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Secretome analysis of Pleurotus eryngii reveals enzymatic composition for ramie stalk degradation

Xie, Chunliang, Luo, Wei, Li, Zhimin, Yan, Li, Zhu, Zuohua, Wang, Jing, Hu, Zhenxiu, Peng, Yuande
Electrophoresis 2016 v.37 no.2 pp. 310-320
Pleurotus eryngii, biomass, cellulose, developmental stages, electrophoresis, endo-1,4-beta-glucanase, enzyme activity, hemicellulose, hydrolysis, laccase, lignin, lignin peroxidase, lignocellulose, peroxidase, polygalacturonase, proteinases, proteins, ramie, xylanases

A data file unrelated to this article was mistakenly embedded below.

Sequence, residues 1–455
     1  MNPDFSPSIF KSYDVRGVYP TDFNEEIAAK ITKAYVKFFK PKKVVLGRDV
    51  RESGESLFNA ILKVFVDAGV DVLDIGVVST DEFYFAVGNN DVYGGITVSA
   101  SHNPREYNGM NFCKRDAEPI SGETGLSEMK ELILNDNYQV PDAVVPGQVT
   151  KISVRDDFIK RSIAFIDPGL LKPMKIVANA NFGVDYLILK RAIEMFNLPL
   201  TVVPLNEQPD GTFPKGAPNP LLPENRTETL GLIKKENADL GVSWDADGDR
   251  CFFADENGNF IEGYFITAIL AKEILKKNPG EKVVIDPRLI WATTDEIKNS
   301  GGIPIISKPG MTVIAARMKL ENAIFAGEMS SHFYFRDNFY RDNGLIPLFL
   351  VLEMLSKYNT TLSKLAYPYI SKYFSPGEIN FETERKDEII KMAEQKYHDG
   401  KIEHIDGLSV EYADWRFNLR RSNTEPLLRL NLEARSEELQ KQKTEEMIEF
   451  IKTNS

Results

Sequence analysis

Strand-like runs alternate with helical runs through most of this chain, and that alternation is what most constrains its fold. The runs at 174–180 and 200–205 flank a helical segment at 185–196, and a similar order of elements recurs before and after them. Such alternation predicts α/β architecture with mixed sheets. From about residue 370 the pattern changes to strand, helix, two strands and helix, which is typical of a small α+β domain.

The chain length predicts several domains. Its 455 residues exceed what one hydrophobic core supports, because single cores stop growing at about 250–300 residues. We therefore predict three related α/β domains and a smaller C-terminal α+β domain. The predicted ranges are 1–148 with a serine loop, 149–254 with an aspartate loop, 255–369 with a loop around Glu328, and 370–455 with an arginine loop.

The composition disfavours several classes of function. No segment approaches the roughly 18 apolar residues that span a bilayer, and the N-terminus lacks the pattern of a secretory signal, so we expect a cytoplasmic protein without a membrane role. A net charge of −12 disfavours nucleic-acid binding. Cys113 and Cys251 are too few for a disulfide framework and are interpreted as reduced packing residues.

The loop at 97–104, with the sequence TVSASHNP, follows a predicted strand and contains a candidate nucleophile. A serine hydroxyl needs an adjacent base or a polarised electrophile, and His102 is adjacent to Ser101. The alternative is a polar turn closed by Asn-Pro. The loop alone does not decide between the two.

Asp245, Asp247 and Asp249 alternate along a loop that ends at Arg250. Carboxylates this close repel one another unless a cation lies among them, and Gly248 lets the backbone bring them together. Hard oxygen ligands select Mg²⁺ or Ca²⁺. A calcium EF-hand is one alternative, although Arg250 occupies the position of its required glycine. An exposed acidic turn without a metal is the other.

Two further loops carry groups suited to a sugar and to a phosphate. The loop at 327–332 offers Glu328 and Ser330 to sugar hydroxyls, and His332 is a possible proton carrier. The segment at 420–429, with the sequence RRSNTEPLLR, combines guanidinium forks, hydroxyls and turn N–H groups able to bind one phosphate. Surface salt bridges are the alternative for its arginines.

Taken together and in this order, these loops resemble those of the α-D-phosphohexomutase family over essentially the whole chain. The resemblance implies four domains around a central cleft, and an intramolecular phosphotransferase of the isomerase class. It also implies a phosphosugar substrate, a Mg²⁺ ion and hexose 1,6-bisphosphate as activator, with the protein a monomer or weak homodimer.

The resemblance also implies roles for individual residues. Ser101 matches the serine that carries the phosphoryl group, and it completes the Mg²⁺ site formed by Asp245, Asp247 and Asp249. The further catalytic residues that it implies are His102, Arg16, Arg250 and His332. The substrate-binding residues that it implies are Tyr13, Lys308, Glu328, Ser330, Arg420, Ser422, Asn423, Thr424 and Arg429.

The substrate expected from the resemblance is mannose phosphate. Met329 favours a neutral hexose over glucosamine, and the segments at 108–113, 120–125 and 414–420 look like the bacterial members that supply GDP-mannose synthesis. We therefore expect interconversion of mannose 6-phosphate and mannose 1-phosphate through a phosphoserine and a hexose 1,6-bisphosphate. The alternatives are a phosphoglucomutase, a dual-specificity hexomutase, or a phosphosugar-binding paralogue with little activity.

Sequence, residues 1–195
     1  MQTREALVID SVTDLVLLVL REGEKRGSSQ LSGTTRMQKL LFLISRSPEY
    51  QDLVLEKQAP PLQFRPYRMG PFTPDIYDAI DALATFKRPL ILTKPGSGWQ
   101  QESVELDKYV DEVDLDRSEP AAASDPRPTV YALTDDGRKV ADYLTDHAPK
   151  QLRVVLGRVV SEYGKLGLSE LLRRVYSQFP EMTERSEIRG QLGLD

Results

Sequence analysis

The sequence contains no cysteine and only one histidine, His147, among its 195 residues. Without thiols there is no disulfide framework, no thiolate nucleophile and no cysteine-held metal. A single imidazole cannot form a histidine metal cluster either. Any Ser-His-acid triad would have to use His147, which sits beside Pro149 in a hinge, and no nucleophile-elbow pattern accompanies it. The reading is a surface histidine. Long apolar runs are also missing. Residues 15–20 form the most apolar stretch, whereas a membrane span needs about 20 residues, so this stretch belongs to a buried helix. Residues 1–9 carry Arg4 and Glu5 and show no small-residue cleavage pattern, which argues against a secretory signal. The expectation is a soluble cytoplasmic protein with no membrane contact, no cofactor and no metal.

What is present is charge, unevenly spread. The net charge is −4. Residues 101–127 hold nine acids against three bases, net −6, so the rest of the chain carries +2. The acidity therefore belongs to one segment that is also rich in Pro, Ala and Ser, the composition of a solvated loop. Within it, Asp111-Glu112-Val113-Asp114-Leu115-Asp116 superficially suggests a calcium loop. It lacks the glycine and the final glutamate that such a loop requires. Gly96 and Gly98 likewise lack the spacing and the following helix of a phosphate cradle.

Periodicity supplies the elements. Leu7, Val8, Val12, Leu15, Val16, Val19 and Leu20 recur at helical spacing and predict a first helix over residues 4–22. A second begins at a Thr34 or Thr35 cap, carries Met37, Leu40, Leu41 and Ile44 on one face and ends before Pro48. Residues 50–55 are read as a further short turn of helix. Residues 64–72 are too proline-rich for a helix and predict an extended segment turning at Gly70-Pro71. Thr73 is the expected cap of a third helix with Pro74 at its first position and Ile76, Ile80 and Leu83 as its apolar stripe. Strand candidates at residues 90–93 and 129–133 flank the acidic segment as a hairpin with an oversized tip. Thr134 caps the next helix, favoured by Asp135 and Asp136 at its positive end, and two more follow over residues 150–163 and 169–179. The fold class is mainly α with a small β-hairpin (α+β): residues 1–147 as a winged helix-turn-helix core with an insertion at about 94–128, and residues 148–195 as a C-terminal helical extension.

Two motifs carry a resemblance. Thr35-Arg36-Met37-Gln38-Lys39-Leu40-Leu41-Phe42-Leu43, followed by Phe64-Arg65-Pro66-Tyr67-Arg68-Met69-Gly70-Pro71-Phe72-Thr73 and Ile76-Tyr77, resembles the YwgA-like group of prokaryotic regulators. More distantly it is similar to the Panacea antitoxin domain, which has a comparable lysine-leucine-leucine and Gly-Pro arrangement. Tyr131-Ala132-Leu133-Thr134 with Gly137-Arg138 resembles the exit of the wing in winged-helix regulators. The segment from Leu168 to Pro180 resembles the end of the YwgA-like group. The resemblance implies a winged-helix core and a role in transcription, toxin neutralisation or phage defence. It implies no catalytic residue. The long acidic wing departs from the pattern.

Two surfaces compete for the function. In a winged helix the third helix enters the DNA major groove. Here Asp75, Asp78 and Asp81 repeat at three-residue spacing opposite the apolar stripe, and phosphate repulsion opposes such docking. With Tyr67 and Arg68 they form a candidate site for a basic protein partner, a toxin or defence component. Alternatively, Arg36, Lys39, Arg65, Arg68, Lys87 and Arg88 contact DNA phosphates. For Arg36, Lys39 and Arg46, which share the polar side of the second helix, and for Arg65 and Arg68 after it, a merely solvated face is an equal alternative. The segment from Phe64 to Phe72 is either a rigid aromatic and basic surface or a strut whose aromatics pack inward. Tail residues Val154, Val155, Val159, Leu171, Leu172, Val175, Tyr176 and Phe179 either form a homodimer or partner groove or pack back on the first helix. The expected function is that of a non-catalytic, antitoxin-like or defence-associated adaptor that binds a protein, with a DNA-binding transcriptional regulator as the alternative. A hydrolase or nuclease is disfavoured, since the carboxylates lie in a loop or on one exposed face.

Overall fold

Pleurotus eryngii (P. eryngii) can secrete large amount of hydrolytic and oxidative enzymes to degrade lignocellulosic biomass. In spite of several researches on the individual lignolytic enzymes, a direct deconstruction of lignocellulose by enzyme mixture is not yet possible. Identifying more high‐performance enzymes or enzyme complexes will lead to efficient in vitro lignocelluloses degradation. In this report, secretomic analysis was used to search for the new or interesting enzymes for lignocellulose degradation. Besides, the utilization ability of P. eryngii to ramie stalk substrate was evaluated from the degradation of cellulose, hemicellulose, and lignin in medium and six extracellular enzymes activities during different growth stages were discussed. The results showed that a high biological efficiency of 71% was obtained; cellulose, hemicelluloses, and lignin decomposition rates of P. eryngii were 29.2, 26.0, and 51.2%, respectively. Enzyme activity showed that carboxymethyl cellulase, xylanase, laccase, and peroxidase activity peaks appeared at the primordial initiation stage. In addition, we profiled a global view of the secretome of P. eryngii cultivated in ramie stalk media to understand the mechanism behind lignocellulosic biomass hydrolysis. Eighty‐seven nonredundant proteins were identified and a diverse group of enzymes, including cellulases, hemicellulases, pectinase, ligninase, protease, peptidases, and phosphatase implicated in lignocellulose degradation were found. In conclusion, the information in this report will be helpful to better understand the lignocelluloses degradation mechanisms of P. eryngii.